where all Buddhas are immersed in contemplation; that they turn the
Wheel of Truth upon my tongue; that my throat is giving birth to
them; and that they are attaining the Supreme Enlightenment in my
mouth. This place is the abode of such a man, who is mysteriously
realizing the Lotus of Truth in his life; surely such a place is no less
dignified than the Paradise of Vulture Peak. As the Truth is noble,
so is the man who embodies it; as the man is noble, so is the place
where he resides. W^e read in the chapter on the Mysterious Power
of the Tathagata as follows: '
Be it in a forest, or at the foot of a tree, or in a monastery, . . .

on that spot erect a stupa dedicated to the Tathagata. For such a spot
is to be regarded as the place where all Tathagatas have arrived at the

Supreme Perfect Enlightenment; on that spot all Tathagatas have

turned the Wheel of Truth; on that spot all Tathagatas have entered
the Great Decease. Lo, whoever comes to this place will be purged of
all sins and depravities which he has accumulated from eternity, and

all his evil deeds will at once be transformed into merits and virtues.

The twenty-first chapter. Yam., p. 564; Te.xt, p. 391; SBE., p. 367.


he prophet had nearly reached
his age, and for some time
the sixty-first year of
had been im-
his health
Since I retired to this place, I have never been out

of these mountains. During these eight and

years, illness
age have brought me severe suffering, and both body and
mind seem to be crumbling into ruin. Especially since last
spring, my illness has progressed,
and from autumn to
winter my weakness has increasedday by day. During
these ten days, I have taken no food, and my suffering is
aggravated by the severe cold in the midst of a huge snow-
fall. My body is like a piece of stone, and my chest is as
cold as ice. ^ The words are from a letter to a lady who had
sent him rice and rice-beer, thanking her for the comfort her
drink had brought him. Even a strong man of almost super-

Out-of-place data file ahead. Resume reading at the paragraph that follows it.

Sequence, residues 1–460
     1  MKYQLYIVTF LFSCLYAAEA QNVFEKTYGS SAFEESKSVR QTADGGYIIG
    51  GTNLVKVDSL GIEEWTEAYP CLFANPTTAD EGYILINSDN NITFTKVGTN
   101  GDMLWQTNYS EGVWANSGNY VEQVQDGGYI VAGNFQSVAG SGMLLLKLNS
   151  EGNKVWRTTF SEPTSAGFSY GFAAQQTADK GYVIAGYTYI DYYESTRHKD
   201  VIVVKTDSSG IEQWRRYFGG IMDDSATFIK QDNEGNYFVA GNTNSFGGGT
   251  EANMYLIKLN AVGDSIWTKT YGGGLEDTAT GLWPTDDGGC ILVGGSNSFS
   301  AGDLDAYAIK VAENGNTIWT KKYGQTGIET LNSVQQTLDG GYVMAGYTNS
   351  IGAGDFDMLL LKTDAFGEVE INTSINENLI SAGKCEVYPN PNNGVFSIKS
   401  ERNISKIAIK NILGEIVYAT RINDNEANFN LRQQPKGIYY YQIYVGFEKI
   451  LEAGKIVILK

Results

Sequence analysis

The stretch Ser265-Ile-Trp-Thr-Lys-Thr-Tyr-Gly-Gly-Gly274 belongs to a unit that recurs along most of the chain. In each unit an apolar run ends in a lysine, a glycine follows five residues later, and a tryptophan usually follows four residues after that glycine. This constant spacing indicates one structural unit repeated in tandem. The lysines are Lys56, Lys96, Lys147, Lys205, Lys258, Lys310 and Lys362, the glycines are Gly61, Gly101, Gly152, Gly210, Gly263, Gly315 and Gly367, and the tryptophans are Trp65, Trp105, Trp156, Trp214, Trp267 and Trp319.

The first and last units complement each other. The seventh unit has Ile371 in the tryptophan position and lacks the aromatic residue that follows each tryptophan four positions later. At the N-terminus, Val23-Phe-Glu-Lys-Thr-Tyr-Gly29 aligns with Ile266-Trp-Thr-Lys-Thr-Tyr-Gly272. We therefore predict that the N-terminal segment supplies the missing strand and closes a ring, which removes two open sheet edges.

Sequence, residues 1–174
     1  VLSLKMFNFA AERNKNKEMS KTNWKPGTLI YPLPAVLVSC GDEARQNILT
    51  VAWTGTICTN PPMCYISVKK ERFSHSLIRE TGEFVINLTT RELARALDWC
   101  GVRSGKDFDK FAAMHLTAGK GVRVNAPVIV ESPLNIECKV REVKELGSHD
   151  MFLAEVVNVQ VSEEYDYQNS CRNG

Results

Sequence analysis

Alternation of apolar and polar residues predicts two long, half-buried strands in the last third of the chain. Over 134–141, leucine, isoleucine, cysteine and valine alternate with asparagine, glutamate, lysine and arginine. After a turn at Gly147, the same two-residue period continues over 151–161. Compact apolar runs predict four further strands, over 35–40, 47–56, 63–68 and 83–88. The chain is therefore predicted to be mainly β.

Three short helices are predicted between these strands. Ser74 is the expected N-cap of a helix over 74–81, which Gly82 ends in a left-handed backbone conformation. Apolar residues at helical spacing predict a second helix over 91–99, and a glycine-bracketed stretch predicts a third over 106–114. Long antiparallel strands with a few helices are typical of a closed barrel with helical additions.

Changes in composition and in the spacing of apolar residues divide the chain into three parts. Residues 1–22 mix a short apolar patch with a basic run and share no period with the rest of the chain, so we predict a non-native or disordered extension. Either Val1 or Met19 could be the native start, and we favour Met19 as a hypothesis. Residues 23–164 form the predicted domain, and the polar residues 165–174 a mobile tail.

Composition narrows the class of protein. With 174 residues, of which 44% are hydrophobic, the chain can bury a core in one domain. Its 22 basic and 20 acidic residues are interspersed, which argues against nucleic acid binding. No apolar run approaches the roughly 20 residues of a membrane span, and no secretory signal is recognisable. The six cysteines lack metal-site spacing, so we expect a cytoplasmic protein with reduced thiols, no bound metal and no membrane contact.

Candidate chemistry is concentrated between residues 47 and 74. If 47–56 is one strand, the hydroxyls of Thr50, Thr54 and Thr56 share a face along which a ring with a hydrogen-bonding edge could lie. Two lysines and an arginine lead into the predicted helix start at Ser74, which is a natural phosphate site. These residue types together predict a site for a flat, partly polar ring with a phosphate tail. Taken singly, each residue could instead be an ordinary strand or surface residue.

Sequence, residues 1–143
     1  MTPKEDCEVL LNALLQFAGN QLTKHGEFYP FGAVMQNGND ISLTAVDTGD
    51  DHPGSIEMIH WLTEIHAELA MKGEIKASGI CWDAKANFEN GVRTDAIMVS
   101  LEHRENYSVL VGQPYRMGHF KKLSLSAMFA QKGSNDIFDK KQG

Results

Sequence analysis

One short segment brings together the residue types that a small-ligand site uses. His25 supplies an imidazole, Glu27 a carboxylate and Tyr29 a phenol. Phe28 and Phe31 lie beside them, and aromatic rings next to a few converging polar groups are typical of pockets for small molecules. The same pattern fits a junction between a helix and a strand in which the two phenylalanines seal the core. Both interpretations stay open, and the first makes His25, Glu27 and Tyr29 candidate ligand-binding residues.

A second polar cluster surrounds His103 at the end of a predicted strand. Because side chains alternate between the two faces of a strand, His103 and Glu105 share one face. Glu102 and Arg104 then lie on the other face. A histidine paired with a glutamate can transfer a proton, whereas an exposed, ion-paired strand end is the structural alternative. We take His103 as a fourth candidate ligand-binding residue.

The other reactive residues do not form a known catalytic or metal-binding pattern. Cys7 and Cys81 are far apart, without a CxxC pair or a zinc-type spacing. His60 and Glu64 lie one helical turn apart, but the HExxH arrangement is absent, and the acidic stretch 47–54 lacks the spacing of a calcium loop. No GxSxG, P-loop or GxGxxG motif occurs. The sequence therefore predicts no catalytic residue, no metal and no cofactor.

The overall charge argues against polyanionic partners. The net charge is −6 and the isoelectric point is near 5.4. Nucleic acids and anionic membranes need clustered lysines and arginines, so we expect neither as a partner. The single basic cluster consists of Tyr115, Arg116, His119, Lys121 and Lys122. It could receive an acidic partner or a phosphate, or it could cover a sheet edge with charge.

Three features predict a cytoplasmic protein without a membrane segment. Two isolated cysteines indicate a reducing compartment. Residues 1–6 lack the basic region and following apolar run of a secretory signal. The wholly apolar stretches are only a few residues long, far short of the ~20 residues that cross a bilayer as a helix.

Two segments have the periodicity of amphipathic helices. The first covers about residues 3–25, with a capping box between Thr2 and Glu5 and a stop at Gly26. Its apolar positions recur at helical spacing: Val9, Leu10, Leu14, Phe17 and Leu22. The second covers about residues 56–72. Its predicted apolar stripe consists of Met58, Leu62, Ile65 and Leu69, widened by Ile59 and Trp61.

human will, like Nichiren, was unable to resist the disease,
which was doubtless the result of constant strife and suffer-

ing through thirty years of his Ufe. His mind was perhaps
preoccupied by his and we have only eleven letters

from the ten months preceding his death; yet some of these
letters are still in a vigorous strain, and he dwells much on

the ideals of his mission, in contrast to the actual condition

of the country. He was a prophet to the last moment.
A letter that he wrote to Lord Toki is interesting as em-
bodying Nichirens thoughts on disease. Toki had written
* Dated the eighth of the twelfth month of the fourth year of Koan
(January 19, 1282). Works, p. 2082. These statements indicate that his

illness was a cancer of the digestive organs.


to theMaster about a plague that was raging in the country,

and, seems, had asked his opinion. In reply, Nichiren

explained that there were two causes of the plague, one

bodily and the other mental, which were reciprocally related,
and produced by the malicious devils, who seize every
opportunity of attack. The devils are, however, Nicliiren
says, nothing but the radical vices existing in each one of
us from eternity; because both goods and ills are, accord-

ing to Tendais conception of existence, inherent in our own

nature. Not only diseases, but all evils are only manifesta- 1

and innate vices, and there will be no

tions of the radical
cure until these vices have been extirpated. Then the
question is. Why are the faithful believers of the Lotus of
Truth attacked by ills or devils ? For the solution of this
problem Nichiren has recourse to the doctrine of mutual
participation. Just as the bliss of enlightenment in a
particular individual is imperfect unless this bUss is shared
by all fellow-beings, so ills may attack even the holders of
the Truth, even the messenger of the Tathagata, so long
as there exists any vice in the world in any of his fellow-
beings. And the believers of the Lotus are perhaps more
frequently attacked by ills, because the devils, regarding the
true Buddhists as their most formidable adversaries, aim